It was the day of Sugarbush Resort’s spring Pond Skimming contest. Win Smith, the resort’s majority owner, and assistant ski patroller Chad Borofsky were riding the Super Bravo chairlift and talking about the wacky costumes of skiers when their radios crackled to life. As details of an accident were reported, Borofsky looked over to a passing forest glade and picked up his radio mic. “I see it right below the Heaven’s Gate traverse.” As he hung up, he immediately turned to Smith: “I know where I am going next.” They reviewed the mogul conditions at the accident location and the decision making that had led patrollers to mark it with caution signage earlier that morning.
The seamless shift in conversation from personal to professional was consistent with what I had already observed of Sugarbush’s patrol culture that morning. Whether gathered in the patrol hut at Allyn’s Lodge or practicing routine sled drills on Murphy’s Glade, patrollers exhibited a sense of light camaraderie while staying attentive to the task at hand.
Colin Cascadden, the patrol director, affirmed that it takes a unique personality and skill set to meet the versatile responsibilities of the job. “A patroller may be skiing the mountain”—interacting with guests—“one moment and be pressed into service the next,” he explained.
“Service” could mean mountain rescue, chairlift evacuation, or search and rescue, as outlined in the mission of the Sugarbush Ski Patrol. More often, Cascadden explained, patrollers spend their time assisting other departments. “There is much more to our job than skiing and doing first aid. We are always there to drop everything to help somebody else.” The patrollers at Sugarbush come from diverse professional backgrounds—they’re doctors, lawyers, and engineers; even a city mayor has served—but Cascadden says they are all “the kind of people that when something happens, there are fifty of them at your door, all asking how they can help.”
They are also highly motivated to learn, adds Borofsky. “Our training regimen includes top-to-bottom toboggan runs, low-angle rescue drills, lift evacuation drills, and first aid scenarios,” he says. “We hold our team to very high standards, so should the need arise, we will be prepared and ready to respond.”
Borofsky was lucky to find this tribe early on. After his father died in a jet ski accident when he was sixteen, his interest in helping people led him to start pursuing a career as a physician’s assistant. But when his job as a Sugarbush lift operator in 1991 led to a ski patrol position, Borofsky realized that he could continue to work in health care by patrolling. “As the first line of defense, I had the ability to prevent people from entering the health care system through hazard mitigation as well as helping them if they became injured,” he says.
NATIONAL SKI PATROL
The underpinnings of camaraderie and professionalism are not unique to the Sugarbush Ski Patrol. These traits are rooted in the origins of the National Ski Patrol (NSP), founded by New Englander Charles “Minnie” Minot Dole in the 1930s.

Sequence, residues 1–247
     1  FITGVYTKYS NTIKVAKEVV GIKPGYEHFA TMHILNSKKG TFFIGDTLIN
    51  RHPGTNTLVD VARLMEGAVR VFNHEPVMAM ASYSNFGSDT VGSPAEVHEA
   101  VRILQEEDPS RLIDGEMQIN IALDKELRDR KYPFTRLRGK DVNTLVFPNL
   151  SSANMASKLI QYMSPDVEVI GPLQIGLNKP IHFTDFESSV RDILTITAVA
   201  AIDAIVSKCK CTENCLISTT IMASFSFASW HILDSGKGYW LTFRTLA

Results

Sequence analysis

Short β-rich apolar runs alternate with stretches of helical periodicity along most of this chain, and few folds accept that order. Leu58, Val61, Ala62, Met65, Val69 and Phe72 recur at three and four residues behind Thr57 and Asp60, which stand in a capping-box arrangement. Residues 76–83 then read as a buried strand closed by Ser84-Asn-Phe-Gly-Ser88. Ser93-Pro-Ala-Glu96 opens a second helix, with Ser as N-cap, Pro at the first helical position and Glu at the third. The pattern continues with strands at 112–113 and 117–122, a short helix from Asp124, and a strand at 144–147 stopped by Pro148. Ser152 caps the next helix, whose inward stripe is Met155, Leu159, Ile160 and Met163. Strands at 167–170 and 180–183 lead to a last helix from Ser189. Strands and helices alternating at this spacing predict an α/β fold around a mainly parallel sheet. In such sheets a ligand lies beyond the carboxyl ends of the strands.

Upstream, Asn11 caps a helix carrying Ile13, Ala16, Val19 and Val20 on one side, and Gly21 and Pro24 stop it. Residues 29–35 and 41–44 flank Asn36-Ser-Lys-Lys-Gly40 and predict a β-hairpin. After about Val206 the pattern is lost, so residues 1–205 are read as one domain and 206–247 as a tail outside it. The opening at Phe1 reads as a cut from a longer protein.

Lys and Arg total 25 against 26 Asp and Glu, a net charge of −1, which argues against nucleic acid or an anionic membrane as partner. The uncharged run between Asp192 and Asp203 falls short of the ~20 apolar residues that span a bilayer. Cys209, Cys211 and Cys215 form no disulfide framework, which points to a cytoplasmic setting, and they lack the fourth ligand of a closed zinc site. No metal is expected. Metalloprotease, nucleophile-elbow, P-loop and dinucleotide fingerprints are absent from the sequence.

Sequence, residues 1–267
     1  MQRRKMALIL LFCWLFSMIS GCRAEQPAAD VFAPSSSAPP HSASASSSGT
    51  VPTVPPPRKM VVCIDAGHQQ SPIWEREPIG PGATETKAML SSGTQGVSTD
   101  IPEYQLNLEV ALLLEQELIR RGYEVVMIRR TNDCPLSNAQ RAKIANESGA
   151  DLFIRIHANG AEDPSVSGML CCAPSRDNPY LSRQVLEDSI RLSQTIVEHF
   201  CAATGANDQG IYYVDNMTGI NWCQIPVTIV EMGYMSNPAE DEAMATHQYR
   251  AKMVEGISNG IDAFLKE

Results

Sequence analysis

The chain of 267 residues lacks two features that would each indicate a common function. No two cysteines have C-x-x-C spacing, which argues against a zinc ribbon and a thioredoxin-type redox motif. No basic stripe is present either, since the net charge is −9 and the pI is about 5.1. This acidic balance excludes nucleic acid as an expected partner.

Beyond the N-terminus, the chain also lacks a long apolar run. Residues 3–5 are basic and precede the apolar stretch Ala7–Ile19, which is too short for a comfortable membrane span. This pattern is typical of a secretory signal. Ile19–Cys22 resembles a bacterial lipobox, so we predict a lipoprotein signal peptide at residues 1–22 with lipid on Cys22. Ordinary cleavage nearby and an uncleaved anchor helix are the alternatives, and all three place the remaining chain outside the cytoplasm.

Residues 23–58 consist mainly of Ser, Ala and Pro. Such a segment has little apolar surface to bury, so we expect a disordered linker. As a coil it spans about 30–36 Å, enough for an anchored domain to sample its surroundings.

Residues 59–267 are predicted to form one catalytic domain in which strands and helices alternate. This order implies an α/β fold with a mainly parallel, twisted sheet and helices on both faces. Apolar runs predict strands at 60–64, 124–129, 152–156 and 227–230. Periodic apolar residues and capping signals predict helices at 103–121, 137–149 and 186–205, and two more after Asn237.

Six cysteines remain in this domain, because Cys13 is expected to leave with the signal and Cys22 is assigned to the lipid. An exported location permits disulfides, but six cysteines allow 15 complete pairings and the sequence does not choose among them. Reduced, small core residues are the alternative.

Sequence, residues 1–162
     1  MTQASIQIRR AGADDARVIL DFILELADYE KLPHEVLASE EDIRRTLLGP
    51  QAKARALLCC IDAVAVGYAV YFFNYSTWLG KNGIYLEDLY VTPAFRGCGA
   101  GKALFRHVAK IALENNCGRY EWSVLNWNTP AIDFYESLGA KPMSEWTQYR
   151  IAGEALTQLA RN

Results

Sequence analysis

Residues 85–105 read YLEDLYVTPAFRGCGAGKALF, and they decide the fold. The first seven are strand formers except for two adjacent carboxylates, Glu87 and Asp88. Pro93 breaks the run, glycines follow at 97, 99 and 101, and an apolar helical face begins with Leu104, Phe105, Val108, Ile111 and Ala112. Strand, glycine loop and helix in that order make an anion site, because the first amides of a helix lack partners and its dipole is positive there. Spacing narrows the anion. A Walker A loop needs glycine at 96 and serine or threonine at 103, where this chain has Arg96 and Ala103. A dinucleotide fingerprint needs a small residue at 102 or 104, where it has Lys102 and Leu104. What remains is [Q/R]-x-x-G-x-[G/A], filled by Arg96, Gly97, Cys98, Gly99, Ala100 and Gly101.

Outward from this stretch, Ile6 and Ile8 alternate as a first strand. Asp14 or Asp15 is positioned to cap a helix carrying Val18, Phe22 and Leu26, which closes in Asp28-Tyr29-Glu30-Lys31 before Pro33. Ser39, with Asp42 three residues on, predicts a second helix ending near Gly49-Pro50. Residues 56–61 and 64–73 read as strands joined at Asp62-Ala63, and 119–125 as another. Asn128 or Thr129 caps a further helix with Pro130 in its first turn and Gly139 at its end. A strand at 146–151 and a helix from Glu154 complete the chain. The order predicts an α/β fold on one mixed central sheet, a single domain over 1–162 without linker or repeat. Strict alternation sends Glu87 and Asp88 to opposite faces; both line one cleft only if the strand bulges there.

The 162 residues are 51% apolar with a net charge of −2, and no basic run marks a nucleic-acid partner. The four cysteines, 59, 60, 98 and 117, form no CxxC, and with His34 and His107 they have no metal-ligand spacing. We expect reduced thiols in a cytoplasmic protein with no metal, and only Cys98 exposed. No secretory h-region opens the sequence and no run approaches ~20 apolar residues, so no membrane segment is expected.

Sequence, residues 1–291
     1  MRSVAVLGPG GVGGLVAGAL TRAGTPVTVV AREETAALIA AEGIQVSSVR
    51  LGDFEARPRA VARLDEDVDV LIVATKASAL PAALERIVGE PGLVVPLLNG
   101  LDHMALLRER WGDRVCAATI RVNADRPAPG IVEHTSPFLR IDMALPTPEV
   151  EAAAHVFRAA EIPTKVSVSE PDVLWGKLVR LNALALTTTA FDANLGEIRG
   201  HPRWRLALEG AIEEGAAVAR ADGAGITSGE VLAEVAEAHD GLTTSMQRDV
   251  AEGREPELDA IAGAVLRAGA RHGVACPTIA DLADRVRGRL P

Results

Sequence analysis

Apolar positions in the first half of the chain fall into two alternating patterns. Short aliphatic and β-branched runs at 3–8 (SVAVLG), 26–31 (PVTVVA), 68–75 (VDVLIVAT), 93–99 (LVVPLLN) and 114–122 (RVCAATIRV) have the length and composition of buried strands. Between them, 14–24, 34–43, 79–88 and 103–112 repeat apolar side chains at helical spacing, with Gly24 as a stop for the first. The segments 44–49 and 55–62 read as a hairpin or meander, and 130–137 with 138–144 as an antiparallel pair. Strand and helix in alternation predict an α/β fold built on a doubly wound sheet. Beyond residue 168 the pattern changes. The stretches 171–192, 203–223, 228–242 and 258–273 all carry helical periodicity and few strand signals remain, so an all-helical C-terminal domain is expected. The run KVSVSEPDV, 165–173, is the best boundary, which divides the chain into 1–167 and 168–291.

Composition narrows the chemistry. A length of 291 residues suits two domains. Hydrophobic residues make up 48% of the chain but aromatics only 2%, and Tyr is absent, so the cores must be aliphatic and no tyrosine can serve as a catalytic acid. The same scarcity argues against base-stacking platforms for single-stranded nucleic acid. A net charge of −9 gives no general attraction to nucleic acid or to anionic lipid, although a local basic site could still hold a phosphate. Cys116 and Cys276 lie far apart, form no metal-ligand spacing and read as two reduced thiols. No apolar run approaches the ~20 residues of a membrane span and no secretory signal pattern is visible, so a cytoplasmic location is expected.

In widely accepted lore, Dole was skiing the Toll Road in Stowe when he fell and broke a bone. His companions set off for help, but it was hours before they returned with volunteers and tin roofing to serve as a toboggan. This experience, combined with the fatal skiing accident of a friend just weeks later, is credited with spurring Dole’s interest in improving response time to injuries. Others shared his heightened awareness for skier safety, acknowledging the growing popularity of skiing.
Dole and local skiers formed the Mount Mansfield Ski Club (MMSC) in 1934, embedding a purpose to “promote good health” into its incorporation charter. Shortly thereafter, the MMSC established the Mount Mansfield Ski Patrol (MMSP) and recruited volunteers to wear distinctive ski patrol patches. Although they initially acted as hosts, advising skiers on equipment maintenance and the skill levels required for various trails, they quickly gained attention for their emergency response system. It was the “super patrol” that the MMSP set up for the national downhill and slalom races at Stowe that attracted the notice of the National Ski Association (NSA)—the country’s skiing governing body, established back in 1905, now the United States Ski and Snowboard Association.
In 1938, Dole extended his vision and established the National Ski Patrol as a committee of the NSA. As the NSP’s first director, Dole helped shape the organization it is today: a professional education association with a creed of “Service and Safety.” He also ensured an organizational culture described as “esprit de corps,” based on the bonds of pride, friendship, and loyalty, which still remain core to the NSP’s reputation.
As the NSP was gaining momentum across the United States, World War II was raging across Europe. Dole took an interest in the Finnish army’s highly skilled mountain division after their notable defeat of a segment of the Russian army. As the U.S. entered the war, interest from the War Department in establishing a mountain division led to a contract in 1941 with the NSP to recruit soldiers. Minnie Dole was put in charge of designing a process to screen volunteers. By the time the 10th Mountain Division was organized in 1944, more than 7,000 men had been approved to join.